Until 1963, the prehistory of Ethiopia was not well known and was unexplored beyond the 100,000 years-old threshold.
In 1963 Gerard Dekker, a hydrologist from the Netherlands with a passion for prehistoric research and a friend of L.S.B. Leakey, discovered Acheulean and Middle Stone Age lithic tools and faunal remains at the Kella locality, near the Awash village, on the road to Butajira, 50 km south to Addis Abeba, and he immediately informed the Ethiopian authorities in Addis Ababa.
The discovery was really important. Till that year, no Acheulean evidences were known all over Ethiopia and only a few sites were known in the Horn of Africa. Amongst them, the most important was Olduvai Gorge in Tanzania, discovered in 1913 by H. Reck and excavated and studied by Louis and Mary Leakey since 1923 until 1975.
Comment of Emperor Haile Selassie during the visit to the site on 1970
" The findings of artefacts at Melka Kunture by professional reserarchers gave us a great pleasure."
The importance of the discovery made by Dekker was immediately comprised by the Ethiopian Institute of Archaeology at that time directed by Mr. Admassu Shiferau with the advice of the French archaeologist Francis Anfray who had excavated and studied sites such as Axum, Yeha and Matahara.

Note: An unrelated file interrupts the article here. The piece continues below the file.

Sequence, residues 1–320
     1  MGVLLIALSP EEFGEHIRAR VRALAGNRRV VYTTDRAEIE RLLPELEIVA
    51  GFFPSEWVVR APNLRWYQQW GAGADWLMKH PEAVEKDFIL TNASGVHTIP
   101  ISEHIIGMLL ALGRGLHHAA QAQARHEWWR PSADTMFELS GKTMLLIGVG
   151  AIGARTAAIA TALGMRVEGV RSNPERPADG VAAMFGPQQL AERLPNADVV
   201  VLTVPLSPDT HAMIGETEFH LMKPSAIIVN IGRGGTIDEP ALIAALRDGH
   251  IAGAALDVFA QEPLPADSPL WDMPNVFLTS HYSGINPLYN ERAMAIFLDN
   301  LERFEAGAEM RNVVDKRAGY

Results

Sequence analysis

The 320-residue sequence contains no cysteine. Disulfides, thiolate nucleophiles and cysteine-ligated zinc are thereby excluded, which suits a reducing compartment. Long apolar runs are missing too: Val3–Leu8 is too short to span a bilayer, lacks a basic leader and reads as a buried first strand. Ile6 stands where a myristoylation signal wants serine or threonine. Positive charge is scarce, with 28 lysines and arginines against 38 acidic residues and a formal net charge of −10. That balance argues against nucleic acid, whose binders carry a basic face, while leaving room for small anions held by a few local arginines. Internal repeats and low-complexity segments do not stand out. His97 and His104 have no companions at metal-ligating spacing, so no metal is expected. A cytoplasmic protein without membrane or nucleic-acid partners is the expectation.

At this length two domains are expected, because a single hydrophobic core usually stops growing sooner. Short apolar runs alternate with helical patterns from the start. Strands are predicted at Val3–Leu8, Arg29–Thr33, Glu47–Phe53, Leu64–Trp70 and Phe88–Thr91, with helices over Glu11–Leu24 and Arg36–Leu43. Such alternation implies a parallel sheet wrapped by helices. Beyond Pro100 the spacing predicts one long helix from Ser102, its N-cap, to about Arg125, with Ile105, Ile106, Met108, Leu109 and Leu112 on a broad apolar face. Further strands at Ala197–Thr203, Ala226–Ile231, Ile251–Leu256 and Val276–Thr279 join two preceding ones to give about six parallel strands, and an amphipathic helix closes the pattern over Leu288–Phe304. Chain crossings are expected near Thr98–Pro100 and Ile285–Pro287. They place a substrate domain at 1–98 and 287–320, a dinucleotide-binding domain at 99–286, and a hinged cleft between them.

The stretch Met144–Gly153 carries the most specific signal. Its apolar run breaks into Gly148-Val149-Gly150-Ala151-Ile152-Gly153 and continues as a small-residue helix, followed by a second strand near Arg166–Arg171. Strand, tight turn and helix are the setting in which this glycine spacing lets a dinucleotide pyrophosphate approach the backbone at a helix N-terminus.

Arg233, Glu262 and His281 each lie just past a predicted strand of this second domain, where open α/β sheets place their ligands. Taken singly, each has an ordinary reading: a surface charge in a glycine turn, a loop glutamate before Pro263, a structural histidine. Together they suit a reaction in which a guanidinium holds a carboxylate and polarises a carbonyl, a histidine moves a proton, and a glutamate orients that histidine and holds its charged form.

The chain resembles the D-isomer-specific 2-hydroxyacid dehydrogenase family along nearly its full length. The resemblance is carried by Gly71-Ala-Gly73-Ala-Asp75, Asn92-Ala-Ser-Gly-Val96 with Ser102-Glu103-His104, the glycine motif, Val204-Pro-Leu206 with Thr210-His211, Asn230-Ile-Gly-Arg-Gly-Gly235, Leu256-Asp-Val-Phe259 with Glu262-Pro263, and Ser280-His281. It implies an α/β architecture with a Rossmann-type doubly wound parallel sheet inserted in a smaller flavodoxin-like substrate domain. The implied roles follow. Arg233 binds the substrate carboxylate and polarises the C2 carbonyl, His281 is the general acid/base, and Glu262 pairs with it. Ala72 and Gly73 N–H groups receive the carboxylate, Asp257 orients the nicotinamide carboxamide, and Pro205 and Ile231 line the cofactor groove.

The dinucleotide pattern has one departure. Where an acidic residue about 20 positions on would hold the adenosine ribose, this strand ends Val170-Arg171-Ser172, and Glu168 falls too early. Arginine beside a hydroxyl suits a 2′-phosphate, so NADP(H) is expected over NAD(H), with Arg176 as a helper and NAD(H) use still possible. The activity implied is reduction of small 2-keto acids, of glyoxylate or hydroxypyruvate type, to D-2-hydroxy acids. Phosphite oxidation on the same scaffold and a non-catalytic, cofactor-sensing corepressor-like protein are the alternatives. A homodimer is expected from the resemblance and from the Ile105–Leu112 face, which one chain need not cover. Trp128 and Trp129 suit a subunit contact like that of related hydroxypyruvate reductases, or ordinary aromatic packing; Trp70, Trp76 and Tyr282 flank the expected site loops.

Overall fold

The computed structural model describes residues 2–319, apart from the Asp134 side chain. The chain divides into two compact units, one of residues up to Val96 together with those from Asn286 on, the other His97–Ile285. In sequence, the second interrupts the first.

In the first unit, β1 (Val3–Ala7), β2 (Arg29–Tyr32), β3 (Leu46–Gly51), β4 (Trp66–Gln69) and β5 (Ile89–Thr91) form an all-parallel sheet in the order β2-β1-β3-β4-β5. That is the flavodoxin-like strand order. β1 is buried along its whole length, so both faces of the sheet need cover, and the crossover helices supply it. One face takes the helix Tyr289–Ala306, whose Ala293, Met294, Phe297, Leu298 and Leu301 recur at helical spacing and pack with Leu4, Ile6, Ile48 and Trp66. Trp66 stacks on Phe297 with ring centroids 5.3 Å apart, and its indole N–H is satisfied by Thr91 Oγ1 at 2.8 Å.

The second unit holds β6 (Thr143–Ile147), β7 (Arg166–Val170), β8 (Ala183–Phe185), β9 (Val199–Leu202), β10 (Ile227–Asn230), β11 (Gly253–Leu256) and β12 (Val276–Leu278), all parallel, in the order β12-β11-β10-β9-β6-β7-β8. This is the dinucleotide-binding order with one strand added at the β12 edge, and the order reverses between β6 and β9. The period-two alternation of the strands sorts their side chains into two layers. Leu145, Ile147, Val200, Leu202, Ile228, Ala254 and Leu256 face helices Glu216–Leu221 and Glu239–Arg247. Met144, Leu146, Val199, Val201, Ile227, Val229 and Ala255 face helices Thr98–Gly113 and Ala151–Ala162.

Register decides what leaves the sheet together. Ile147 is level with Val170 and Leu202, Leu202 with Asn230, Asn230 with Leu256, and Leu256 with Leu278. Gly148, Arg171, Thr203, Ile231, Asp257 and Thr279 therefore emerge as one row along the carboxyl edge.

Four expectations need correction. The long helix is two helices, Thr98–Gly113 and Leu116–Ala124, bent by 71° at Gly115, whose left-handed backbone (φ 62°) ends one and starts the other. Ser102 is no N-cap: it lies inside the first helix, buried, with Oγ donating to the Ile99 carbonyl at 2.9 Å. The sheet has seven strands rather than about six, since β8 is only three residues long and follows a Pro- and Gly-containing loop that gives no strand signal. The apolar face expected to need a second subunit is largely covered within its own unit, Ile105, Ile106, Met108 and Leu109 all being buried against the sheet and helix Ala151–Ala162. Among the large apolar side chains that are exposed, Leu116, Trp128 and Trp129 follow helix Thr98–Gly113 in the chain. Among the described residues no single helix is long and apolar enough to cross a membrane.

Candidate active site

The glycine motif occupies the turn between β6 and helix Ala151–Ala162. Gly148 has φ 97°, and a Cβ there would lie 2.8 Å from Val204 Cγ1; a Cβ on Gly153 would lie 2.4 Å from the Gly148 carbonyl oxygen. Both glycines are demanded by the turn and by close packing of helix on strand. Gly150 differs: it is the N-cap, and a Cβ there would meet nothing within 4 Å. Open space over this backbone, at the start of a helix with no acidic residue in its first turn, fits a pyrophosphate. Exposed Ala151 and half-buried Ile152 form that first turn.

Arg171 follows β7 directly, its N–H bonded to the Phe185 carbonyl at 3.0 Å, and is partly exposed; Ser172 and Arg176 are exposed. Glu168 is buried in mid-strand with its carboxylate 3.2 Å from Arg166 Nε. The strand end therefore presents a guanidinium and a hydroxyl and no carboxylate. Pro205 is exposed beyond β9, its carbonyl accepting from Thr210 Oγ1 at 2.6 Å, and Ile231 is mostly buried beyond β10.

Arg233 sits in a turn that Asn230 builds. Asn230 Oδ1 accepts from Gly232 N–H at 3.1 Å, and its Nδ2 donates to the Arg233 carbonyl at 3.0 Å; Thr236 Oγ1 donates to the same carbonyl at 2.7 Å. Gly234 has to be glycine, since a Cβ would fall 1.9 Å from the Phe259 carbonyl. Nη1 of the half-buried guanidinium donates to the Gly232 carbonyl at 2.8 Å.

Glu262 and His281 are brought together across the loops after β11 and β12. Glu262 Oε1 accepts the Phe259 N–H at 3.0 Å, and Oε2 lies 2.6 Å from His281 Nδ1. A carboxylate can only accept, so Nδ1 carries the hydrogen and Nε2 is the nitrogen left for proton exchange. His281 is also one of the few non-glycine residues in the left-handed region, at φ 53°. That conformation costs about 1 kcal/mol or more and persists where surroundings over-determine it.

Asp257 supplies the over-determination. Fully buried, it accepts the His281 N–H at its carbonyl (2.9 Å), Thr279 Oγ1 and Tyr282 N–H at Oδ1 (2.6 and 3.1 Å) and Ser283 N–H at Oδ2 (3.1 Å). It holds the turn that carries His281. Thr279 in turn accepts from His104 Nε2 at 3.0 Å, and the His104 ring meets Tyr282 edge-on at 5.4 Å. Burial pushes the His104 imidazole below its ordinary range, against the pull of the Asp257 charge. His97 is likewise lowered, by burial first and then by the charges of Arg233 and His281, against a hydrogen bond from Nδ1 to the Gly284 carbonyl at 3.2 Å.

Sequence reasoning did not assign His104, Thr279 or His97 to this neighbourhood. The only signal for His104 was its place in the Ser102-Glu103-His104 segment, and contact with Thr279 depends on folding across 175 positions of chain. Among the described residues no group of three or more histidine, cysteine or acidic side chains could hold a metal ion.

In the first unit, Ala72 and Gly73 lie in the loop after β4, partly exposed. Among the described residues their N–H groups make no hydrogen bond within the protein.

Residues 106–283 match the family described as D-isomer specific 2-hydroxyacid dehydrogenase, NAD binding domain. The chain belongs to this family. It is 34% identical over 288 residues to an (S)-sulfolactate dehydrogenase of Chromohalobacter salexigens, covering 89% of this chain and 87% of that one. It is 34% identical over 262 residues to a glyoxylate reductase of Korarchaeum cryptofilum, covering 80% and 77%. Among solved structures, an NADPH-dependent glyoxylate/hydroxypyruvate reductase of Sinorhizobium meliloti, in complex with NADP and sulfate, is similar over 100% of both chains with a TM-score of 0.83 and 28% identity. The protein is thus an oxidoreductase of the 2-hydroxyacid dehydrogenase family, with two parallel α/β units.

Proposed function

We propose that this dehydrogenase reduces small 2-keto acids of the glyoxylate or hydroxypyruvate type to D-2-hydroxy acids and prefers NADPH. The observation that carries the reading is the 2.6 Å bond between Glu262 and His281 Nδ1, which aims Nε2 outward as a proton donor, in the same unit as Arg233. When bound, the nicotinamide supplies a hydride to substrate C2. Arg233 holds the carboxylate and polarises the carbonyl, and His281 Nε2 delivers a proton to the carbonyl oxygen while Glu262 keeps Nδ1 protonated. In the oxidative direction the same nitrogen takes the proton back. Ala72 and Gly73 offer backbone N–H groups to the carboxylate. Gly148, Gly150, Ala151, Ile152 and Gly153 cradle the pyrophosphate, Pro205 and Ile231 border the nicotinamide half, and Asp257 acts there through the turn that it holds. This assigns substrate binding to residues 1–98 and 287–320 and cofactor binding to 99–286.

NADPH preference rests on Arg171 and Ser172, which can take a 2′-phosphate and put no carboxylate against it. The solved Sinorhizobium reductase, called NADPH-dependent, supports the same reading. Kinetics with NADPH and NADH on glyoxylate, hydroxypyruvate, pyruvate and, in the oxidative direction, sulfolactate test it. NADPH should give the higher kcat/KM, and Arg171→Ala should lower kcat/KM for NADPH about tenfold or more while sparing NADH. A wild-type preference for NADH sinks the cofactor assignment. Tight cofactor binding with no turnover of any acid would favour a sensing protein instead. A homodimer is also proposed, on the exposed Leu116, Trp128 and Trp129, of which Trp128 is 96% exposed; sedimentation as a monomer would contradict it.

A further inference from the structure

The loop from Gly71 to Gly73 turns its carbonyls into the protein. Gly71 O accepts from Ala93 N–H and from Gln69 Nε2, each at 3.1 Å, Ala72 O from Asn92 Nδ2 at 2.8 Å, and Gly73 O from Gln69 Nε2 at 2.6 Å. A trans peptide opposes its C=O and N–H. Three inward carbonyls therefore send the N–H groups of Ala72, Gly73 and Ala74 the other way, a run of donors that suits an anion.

Following a first survey and a report published by the French archaeologist Gérard Bailloud, the real importance of the site was really comprised a few years later, thanks to the systematic researches carried out by the French archaeologist and geologist J. Chavaillon of the CNRS, who showed that the continuous hominids frequentation along both banks of this part of the Awash River dated back to the Oldowan, that means to the technological complex preceding the Acheulean and dated to 1.9-1.5 Myr
The hydrogeologist Gerard Dekker who discovered Melka Kunture in 1963
Comment of Glynn Isaac during the visit at Melka in 1971
|Comment of Raymond Dart during the visit at Melka in 1971|
|Comments of Henry Lhote and Yves Coppens during the visit at Melka in 1971|